The Jews. In their own words, Royal Court review – exposing old prejudices


In November 2021, he made a terrible blunder by allowing an anti-Semitic stereotype a money-hungry billionaire called Hershel Fink in Al Smith’s Rare Earth Courage to go through the rehearsal process despite the protests of several company members. Eventually the character was renamed and you’d think the place would overlook the issue. But no.

In fact, the first character to appear in The Jews. In their own wordsa new verbatim of Guardian‘s Jonathan Freedland from an idea of ​​actor Tracy-Ann Oberman, is the same Hershel Fink. This time, however, the show is all about challenging stereotypes, particularly in the context of “enlightened progressive institutions”, such as the Royal Court and left-wing circles more generally. Freedland interviewed 12 Jewish people to illustrate the harmful hold anti-Semitism still has on many people in British society today. It’s kind of a stage version of the excellent comedian and writer David Baddiel Jews don’t count.

Although all those who did not know Rare Earth Courage might be taken aback by the opening prologue, the main event is of broader depressing relevance. Those interviewed include Oberman, Labor politicians Margaret Hodge and Luciana Berger, novelist Howard Jacobson, journalist Stephen Bush, former Jewish Student Union president Hannah Rose, as well as less prominent figures such as social worker Victoria Hart, pediatrician Tammy Rothenberg, decorator Phillip Abrahams, Baghdad-born Edwin Shuker, and Talmudist Joshua Bitensky. Dave Rich, director of policy at the Community Security Trust, which fights anti-Semitism, plays the role of narrator.

With the help of the other interviewees, Rich tells us about episodes of anti-Semitic tropes and stereotypes, such as the rich and avaricious Jews, or the conspiratorial puppeteers of those in power. Using masks and puppets to illustrate reminders of the historical past of prejudice in this country and in Eastern Europe (picture below), there are episodes that highlight attacks on Jews in York in 1190 or Lincoln in 1255, prompting discussion of the image of Jews as greedy moneybags or vicious child murderers (the blood libel). Some of the material is personal like when Bush talks about his mixed-race heritage or Jacobson about being bullied at school and others more general. Although Renaissance depictions of the Last Supper show, according to Jacobson, Judas as a “treasonous, treacherous, money-mad Jew,” surely all early Christians, including Jesus, were Jews?

It’s often specific incidents and experiences that are most interesting: Abrahams generously tips his Uber driver to avoid being seen as a stereotypical mean Jew he feels responsible for “breaking down this prejudice”. During the pandemic, he visits a local convenience store and discovers that a Turk who works there is convinced that the coronavirus is a Jewish plot to wipe out Muslims. Other fantasies about world domination are just as crazy, but just as persistent. Unsurprisingly, given the experiences of some of those interviewed, Jeremy Corbin’s Labor Party is lambasted, as is former London Mayor Ken Livingstone. the play Royal Court by Caryl Churchill, Seven Jewish children, is strongly condemned. Naturally, Shylock and Fagin emerge as central figures of hate.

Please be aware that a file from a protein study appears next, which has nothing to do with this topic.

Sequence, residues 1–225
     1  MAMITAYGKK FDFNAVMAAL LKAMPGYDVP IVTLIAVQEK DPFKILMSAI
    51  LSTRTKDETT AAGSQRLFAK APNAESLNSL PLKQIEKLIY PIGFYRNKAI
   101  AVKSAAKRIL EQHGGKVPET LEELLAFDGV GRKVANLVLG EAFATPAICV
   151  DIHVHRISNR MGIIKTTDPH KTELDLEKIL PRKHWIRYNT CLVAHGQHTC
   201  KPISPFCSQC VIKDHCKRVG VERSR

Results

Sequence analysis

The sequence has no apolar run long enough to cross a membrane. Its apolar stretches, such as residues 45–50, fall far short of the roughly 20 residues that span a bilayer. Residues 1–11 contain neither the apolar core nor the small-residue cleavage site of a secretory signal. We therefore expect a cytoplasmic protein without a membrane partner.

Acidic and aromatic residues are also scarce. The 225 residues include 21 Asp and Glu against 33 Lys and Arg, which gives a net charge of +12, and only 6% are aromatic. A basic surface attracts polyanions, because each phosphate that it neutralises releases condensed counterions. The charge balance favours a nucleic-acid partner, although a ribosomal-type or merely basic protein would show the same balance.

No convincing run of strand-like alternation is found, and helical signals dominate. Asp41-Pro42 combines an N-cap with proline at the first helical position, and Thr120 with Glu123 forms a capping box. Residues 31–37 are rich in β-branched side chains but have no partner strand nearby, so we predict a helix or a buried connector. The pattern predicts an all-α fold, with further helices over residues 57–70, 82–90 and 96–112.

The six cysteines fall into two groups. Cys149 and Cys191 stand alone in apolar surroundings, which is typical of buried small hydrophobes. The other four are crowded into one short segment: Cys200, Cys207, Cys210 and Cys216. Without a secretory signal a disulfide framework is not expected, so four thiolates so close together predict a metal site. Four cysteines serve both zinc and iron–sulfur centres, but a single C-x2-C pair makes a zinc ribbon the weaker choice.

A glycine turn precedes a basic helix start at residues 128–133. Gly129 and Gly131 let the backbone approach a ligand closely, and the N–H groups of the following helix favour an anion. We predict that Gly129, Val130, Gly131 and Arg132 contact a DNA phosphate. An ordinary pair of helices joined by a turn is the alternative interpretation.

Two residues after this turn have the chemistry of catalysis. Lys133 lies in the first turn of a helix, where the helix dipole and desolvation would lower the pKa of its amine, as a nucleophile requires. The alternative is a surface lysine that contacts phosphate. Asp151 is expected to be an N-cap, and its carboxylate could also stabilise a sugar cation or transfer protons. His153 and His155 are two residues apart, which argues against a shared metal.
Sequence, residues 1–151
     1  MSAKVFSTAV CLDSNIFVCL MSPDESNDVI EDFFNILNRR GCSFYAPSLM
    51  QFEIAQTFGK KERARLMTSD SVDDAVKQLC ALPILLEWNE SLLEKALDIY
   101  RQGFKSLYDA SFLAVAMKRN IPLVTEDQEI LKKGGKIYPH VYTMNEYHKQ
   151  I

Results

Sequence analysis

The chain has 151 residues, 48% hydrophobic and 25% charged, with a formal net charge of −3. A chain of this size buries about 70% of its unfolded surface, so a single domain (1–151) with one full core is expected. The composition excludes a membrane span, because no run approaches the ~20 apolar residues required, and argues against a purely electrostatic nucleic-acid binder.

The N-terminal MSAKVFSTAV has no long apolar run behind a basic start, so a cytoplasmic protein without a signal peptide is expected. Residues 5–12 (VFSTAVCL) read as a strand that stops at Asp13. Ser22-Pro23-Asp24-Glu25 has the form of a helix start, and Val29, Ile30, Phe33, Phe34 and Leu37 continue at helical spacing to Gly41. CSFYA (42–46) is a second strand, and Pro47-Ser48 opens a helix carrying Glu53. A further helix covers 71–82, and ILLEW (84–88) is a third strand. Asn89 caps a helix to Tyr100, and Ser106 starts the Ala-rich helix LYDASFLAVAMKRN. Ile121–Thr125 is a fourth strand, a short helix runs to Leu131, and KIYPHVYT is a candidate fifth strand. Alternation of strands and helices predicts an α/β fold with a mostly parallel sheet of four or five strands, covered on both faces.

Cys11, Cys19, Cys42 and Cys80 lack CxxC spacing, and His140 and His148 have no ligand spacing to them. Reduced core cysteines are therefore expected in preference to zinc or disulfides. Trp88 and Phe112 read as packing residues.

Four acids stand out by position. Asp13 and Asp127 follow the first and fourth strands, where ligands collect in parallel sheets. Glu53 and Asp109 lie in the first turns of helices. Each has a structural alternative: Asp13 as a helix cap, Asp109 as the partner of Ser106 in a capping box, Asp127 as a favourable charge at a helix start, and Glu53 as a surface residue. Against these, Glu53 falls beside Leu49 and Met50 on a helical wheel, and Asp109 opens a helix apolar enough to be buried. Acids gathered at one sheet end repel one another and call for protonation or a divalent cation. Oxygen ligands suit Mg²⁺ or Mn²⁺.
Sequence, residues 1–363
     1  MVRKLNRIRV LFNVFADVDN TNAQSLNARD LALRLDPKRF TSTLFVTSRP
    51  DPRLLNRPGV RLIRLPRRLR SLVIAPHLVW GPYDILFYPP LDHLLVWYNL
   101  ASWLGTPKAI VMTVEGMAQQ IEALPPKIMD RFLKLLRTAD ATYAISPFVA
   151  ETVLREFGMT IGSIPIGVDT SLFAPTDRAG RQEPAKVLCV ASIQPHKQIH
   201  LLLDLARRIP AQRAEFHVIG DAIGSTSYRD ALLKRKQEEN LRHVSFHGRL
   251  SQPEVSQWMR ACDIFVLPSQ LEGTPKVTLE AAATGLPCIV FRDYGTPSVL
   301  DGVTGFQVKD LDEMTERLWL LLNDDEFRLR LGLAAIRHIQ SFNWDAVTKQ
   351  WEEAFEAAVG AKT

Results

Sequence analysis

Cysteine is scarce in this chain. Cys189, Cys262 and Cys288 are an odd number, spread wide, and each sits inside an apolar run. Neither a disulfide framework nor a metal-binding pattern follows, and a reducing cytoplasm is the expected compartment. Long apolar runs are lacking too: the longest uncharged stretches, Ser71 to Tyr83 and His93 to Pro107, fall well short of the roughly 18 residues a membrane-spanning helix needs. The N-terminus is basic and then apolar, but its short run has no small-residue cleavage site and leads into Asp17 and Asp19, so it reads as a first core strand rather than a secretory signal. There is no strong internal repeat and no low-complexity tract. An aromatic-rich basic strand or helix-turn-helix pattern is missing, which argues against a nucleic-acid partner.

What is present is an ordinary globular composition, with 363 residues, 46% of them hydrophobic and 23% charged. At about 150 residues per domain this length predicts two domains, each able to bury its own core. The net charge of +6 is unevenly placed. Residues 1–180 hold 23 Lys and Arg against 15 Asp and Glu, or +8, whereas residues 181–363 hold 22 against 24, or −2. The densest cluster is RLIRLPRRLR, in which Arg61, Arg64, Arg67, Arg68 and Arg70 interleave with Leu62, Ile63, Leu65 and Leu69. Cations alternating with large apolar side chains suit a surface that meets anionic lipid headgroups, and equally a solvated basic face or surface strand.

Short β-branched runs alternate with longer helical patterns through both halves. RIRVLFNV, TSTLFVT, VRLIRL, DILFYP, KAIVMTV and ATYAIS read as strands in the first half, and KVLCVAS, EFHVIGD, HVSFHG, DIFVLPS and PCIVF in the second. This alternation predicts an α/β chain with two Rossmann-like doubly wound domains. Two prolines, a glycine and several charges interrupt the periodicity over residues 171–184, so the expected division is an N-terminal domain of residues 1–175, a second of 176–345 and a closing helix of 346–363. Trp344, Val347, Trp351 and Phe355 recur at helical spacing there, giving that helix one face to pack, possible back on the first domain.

More unusually, Shuker travels to Blackburn to meet the Muslim community and appeals to them with his knowledge of the Koran and his style, which is “very, very Fiddler on the Roof, where I show both weakness and strength”. . The result is that he is seen, embarrassingly, as an anti-Zionist. The discussion of how criticism of the State of Israel and its actions in the West Bank after the Six Day War in 1967 can often turn into anti-Semitism is sadly predictable and the intensity of anti-Jewish messaging on Twitter and social media is disgusting and horrifying. Fortunately, there are a few humorous moments: Hodge tells a good joke about Corbyn, and the company performs “The Jews Did It,” a wonderfully satirical song and dance.

Like any verbatim theatre, The Jews. In their own words is above all a beautiful montage, which powerfully explores the roots and persistence of anti-Semitism. For me, it was more successful in its small moments of imaginative acuity, and in its most personal moments, than in its rather familiar crossing of the already well known. Many episodes were rather inert, with the interviewees simply sitting around a table. But the toll that constant prejudice takes on people, the hideous effects of social media, and the revolting persistence of medieval thought are all on full display. There’s a lot of resilience as well as sadness in the show, though I’m not sure any of that speaks to people outside of the relatively small circle of theater and Labor progressives.

That said, Vicky Featherstone and Audrey Sheffield’s 100-minute production, which is designed by Georgia de Grey, is easily watchable and has a cast led by Alex Waldmann (Rich), with other actors mainly dubbing: Debbie Chazen (Hodge and Rothenberg), Louisa Clein (Oberman and Berger), Steve Furst (Jacobson and Abrahams), Hemi Yeroham (Shuker and Bitensky), and Rachel-Leah Hosker (Hart and Rose). Billy Ashcroft plays Stephen Bush. If you’re okay with the verbatim documentary style and don’t mind the lack of real drama, this is a smartly crafted and engaging political play that tackles an issue too often swept under the rug. But I would like to see a real play on the subject.



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